4 Reasons to Have a Revocable Living Trust

When you begin planning your estate, you may wonder which documents and planning tools will best provide for your family and allow you to maintain control of your own assets. While many people start by considering a Will, the benefits of a revocable living trust could make it the ideal estate planning tool for you.

1. Your Family Can Avoid Probate

Perhaps the most significant benefit of a living trust is how it helps your family avoid the probate process after your death. Probate is a lengthy process that can last months or even years, keeping your assets inaccessible when your family may need them most. Since a revocable living trust is a private contractor between you and the trust entity, it does not have to go through the probate process.

2. Prepare for Situations Other Than Your Death

Death is not the only situation in which estate planning is important. If you are left mentally or physically incapacitated due to an accident or illness, you want your wishes to be respected. The person you appoint as trustee when you are no longer able to handle your affairs can step in as soon as they have a physician’s declaration that you are incapacitated. They will then have the authority to protect your finances and property.

3. Protect Your Privacy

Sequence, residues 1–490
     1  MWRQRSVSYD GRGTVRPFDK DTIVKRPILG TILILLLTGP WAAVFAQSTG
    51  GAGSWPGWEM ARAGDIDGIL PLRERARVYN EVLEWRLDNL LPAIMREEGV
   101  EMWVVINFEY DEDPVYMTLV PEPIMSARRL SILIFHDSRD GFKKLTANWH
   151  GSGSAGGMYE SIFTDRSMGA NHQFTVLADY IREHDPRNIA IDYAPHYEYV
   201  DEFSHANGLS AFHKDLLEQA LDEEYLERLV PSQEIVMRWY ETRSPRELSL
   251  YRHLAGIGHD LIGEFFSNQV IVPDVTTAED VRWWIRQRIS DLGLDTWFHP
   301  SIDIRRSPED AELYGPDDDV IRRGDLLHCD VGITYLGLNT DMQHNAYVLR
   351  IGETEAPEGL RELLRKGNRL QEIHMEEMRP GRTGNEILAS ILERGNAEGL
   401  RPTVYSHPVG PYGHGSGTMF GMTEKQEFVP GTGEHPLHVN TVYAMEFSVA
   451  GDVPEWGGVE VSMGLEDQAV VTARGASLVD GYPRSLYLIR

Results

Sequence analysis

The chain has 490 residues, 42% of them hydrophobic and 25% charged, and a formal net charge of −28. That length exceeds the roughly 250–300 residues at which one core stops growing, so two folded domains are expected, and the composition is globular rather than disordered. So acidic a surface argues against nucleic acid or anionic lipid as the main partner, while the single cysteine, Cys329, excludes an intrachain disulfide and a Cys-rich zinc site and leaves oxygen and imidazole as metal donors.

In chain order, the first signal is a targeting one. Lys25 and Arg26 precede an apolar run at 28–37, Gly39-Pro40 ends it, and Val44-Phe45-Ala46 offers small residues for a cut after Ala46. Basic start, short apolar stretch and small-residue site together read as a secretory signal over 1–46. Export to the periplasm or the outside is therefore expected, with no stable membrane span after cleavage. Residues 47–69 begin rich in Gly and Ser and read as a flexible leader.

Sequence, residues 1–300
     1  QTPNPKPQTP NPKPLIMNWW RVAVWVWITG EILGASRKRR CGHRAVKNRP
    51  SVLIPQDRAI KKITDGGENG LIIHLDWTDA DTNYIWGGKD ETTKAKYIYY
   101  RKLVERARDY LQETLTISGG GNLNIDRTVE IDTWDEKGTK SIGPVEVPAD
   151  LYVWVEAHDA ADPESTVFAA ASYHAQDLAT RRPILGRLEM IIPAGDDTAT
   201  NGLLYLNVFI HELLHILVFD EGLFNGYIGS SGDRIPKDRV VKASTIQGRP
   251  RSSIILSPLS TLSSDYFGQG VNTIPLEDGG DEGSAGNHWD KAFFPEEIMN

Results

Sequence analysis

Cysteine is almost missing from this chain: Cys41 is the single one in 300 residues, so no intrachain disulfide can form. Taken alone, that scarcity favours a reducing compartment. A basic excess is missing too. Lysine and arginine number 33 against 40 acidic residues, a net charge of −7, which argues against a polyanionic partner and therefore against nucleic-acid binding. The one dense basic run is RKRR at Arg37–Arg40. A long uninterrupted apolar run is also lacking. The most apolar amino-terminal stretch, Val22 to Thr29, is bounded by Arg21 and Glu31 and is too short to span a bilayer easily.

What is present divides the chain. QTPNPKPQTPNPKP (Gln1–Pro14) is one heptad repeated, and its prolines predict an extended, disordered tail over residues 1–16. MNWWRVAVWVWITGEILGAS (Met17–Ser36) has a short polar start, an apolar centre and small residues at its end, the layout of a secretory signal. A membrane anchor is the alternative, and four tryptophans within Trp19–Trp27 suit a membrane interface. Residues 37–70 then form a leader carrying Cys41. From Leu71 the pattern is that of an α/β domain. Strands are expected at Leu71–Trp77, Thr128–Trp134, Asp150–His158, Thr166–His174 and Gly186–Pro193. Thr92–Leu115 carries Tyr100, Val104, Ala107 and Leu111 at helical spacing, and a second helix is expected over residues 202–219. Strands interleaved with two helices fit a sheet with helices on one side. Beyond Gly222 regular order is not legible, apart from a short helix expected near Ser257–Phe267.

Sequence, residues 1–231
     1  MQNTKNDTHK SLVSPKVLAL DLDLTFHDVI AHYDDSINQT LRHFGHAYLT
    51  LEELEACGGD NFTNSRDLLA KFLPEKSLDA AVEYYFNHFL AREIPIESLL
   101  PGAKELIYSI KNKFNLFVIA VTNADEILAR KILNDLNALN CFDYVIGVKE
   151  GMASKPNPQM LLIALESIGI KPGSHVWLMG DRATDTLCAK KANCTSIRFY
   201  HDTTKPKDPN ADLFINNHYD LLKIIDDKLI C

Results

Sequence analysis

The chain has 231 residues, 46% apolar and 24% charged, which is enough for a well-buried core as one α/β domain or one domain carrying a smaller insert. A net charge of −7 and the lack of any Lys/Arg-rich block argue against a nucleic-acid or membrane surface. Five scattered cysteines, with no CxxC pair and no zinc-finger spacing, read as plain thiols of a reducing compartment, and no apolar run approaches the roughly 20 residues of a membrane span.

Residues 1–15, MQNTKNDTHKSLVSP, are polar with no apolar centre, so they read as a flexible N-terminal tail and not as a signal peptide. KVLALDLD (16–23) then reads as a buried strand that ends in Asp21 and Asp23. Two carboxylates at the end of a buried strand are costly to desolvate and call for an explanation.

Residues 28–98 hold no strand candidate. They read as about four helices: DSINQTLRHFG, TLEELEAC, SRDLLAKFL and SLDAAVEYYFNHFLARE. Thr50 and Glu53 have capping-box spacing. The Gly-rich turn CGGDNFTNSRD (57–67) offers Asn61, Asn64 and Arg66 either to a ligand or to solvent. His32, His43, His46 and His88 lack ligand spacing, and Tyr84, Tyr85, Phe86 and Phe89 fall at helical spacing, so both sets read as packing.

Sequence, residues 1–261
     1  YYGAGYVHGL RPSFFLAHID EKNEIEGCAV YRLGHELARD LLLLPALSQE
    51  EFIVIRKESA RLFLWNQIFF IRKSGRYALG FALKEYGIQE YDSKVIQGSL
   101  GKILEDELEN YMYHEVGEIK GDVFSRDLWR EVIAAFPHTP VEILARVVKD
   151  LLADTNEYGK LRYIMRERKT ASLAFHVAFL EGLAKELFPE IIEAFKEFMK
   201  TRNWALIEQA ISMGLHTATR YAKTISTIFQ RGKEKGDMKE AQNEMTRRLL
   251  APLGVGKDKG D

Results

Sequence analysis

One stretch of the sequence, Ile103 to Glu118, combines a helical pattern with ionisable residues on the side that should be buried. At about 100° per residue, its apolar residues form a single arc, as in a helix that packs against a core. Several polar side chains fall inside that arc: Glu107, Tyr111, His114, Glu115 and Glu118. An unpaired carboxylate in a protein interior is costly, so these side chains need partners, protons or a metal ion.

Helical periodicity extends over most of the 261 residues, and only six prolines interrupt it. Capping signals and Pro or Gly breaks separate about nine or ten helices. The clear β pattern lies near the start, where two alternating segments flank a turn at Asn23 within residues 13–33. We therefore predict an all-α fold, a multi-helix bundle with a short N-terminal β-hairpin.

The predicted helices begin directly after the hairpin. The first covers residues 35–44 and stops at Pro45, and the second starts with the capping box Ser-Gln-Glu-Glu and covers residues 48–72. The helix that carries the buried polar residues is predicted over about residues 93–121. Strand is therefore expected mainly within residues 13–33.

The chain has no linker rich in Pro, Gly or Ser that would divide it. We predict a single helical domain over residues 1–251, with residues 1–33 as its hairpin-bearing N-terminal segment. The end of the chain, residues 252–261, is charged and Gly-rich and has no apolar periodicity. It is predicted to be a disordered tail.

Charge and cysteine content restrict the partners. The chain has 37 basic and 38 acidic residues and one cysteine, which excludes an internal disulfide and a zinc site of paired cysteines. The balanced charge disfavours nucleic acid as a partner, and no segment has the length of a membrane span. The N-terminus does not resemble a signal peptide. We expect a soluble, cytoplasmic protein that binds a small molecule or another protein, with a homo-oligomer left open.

If privacy is a top priority for you, a revocable living trust may be a better option for you than a will. When an estate—with or without a Will—goes through probate, those legal records become public record. Anyone can pull the court documents and know exactly what you owned and who it was willed to. This could put your family at risk of being targeted by con artists who prey on grieving families. A revocable living trust is a private document.

4. Provide for Your Minor Children

In the unfortunate event that you pass while your children are still young, it’s essential your estate provides for their future needs. With a revocable living trust, you can set aside money to be held in the trust until your children reach a predetermined age while still allowing a guardian to access the money they need to care for your child. Some choose to give their children access to their money once they reach adulthood, while others set up a trust that gives children access to a portion of their money every five or ten years.

This benefit can also provide for adult children who cannot be trusted with the money you set aside for them. If an adult child struggles with addiction or is prone to bad financial decisions, you can set up a trust that distributes money to them as needed, reducing the risk of them mismanaging your hard-earned money.

Prepare for the future now by starting the estate planning process. Call MMZ Law at 909-356-6702 to schedule your free consultation.

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